A | If you look at the Texas Medical Center as a conglomerate, they have the largest transplant program in the country. Methodist isn’t the largest, but if you put us all together, we are the largest in the country. And for the largest program to not have a place for transplant patients to stay is a real problem for all of these patients that come from all over the world.
What’s amazing about this place is the support that people give each other. And I knew that. I just kept telling people, let’s just build it, and then you will see what I mean. And when I walk in Nora’s Home, it is phenomenal. There are almost 900 transplants done here every year in the Texas Medical Center. That’s a lot of transplants. So there is a huge need. And my idea is not only to give them a place to stay, but to create a transplant life center, so it is a place to come before and after you have had a transplant, to see other people, maybe to exercise, maybe learn how to cook for your new life, learn about your medications.
You know, one of the hardest things people face after transplantation is finding a job. Because of the stigma, people think that you are sick. So these transplant recipients can form communities, to do things together. That’s where I see this eventually needs to go. So that these people, after they have stayed together, worked together, lived through the transplant experience together, now they can help each other for the rest of their lives. And that is what I think is so amazing about the transplant community, is that people understand each other. They know what they have to go through.
Q | I would imagine that there are benefits to being able to share the same discussions, the same challenges, the same worries…
A | I always think about it this way. You’ve had a really long day in the hospital. You’ve seen 20 doctors. Some say you are a little better. Some say you are a little worse. Some say you need to start this. Some say you need to stop this. And then you walk in here and all of these people say, ‘Yes, I have had that happen. Don’t worry about it.’ ‘Yeah, I know that doctor…He’s great. He will take care of it.’ So then you can tell your story and nobody says, ‘What’s that?’
Everybody understands. So you have that strength to then, the next morning, go and face it. And I think that’s what’s so unique about this. It’s about people being able to walk in here and just lay down and not be afraid that anyone is going to think ‘Why are you telling me these stories?’ People want to know your stories, they want to give you support.
Q | What can we expect for the future of Nora’s Home?
A | This is an amazing place. We have enough space that I think we can make it bigger. I think we can create this life center and community center for the transplant patients, and it would be a place where they can come not when they are sick. Not when they are waiting. Not when they just left the hospital. But just come for sports, cooking, education and everything they need in one place. Eventually that’s what I would like to see happen.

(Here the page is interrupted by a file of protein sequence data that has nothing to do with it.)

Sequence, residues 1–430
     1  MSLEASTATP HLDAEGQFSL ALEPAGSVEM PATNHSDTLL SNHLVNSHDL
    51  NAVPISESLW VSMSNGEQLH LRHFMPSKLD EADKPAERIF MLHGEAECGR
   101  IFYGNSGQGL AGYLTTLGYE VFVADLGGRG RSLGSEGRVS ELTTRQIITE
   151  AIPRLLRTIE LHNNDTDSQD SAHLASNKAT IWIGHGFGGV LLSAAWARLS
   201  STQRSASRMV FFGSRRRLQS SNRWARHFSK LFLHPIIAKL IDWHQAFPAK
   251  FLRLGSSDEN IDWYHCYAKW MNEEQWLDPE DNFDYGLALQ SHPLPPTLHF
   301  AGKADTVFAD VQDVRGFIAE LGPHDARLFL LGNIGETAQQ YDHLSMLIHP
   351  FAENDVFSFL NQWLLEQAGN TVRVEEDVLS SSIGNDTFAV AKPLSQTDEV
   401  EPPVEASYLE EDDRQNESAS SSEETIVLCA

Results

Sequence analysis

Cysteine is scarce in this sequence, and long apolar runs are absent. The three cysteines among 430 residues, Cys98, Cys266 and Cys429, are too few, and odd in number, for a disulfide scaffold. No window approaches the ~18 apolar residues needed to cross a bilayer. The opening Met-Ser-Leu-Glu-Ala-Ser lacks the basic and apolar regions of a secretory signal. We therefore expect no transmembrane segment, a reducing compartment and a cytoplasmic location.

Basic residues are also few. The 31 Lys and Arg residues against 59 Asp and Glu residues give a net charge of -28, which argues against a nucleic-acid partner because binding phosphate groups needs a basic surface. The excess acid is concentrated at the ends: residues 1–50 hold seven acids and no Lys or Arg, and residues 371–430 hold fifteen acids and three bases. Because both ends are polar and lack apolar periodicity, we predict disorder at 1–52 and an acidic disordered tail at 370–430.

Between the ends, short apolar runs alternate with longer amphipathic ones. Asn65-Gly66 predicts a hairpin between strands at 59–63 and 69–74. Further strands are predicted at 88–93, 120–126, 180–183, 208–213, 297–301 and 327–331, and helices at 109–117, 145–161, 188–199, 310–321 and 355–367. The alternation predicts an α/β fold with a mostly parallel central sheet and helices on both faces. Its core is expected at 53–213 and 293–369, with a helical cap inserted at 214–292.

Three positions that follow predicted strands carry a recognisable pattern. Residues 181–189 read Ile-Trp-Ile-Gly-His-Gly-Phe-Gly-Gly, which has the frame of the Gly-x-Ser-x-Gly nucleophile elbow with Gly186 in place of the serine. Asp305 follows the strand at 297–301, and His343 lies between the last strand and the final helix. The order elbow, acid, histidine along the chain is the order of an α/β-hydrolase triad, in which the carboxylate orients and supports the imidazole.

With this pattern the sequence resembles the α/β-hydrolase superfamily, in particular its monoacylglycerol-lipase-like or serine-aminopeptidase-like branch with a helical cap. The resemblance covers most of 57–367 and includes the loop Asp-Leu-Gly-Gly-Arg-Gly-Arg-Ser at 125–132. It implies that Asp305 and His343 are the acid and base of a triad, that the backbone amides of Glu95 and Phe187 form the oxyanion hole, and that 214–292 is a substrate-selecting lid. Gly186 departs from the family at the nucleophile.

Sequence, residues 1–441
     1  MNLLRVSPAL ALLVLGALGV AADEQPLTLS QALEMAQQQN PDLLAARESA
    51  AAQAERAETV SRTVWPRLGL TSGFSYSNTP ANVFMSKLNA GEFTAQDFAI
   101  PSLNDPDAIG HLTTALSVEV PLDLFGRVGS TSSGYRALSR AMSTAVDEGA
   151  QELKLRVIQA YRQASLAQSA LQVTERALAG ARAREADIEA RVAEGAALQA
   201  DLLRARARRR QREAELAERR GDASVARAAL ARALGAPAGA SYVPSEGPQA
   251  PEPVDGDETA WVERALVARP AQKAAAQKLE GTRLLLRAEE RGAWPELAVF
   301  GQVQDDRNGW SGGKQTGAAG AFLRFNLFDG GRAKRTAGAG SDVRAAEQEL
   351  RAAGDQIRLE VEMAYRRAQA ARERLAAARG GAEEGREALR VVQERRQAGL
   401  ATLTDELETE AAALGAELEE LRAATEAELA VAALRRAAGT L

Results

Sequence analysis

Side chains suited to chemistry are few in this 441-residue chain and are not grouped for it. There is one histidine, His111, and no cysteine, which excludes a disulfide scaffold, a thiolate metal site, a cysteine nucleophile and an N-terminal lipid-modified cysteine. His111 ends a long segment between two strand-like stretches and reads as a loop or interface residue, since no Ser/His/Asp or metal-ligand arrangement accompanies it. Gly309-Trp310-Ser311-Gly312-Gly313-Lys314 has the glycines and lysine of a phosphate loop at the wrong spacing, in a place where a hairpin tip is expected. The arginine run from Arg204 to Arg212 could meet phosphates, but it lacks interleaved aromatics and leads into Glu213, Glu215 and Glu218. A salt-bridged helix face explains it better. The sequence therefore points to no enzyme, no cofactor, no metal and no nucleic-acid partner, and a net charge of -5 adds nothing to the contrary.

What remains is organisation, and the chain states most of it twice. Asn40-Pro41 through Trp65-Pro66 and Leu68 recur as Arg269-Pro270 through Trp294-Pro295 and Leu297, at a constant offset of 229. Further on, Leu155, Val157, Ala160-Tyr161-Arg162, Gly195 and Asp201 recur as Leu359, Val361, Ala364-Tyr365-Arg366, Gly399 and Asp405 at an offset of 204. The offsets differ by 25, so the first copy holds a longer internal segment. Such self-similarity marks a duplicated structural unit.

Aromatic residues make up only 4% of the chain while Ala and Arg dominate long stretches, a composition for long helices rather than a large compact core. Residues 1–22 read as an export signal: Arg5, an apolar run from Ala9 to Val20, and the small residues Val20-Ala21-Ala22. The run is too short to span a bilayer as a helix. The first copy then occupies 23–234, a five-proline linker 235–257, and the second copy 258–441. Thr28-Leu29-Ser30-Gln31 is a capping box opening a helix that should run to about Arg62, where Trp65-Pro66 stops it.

People might think of the individual transplant departments. But if you look at transplantation at the Texas Medical Center, it is now a much bigger endeavor. We have a unifying power.
The transplant business is growing, unfortunately. Because the diseases that cause organ failure are some of the fastest growing diseases, not just in this country but in the world. Diabetes, hypertension, liver failure, heart failure, pulmonary diseases, asthma, emphysema are some of the fastest growing diseases in the world.
I see us going in a direction where we can talk prevention. You would talk to a transplant surgeon, like myself, asking what can we do for obesity, in terms of prevention? What can we do in terms of hepatitis? Asthma? Because that eventually makes our endeavor more than not treating people until they get into organ failure and then we give them a transplant. If we are to actually advance care, we should be on the front lines to prevent people from getting here. And only use this treatment for those diseases we are not able to stop. That’s what I think about constantly.
ABOUT NORA GABER
Nora Gaber was a beautiful young girl with an incredible sense of compassion and kindness. She was known for her giving heart and desire to help those in need, especially those less fortunate than herself. Nora reached out to everyone she met and made friends easily. In school, she was honored with the “Best
Friend Award” and would always ask her family to stop and help any person she saw on the street in need. In 1997, Nora’s life was tragically cut short in an automobile accident. In recognition of her loving spirit,
her parents, Osama and Lillian Gaber, donated her organs to help save the lives of other sick children. Inspired by their daughter’s unique sense of kindness, Nora’s parents created the Nora’s Gift Foundation
in 1998 as a way to carry on their daughter’s legacy. Nora’s Home serves to help, house and support transplantation patients and their families. Located near the Texas Medical Center, Nora’s Home provides private bedrooms, a chapel, community room, education center and free shuttle service to the medical center.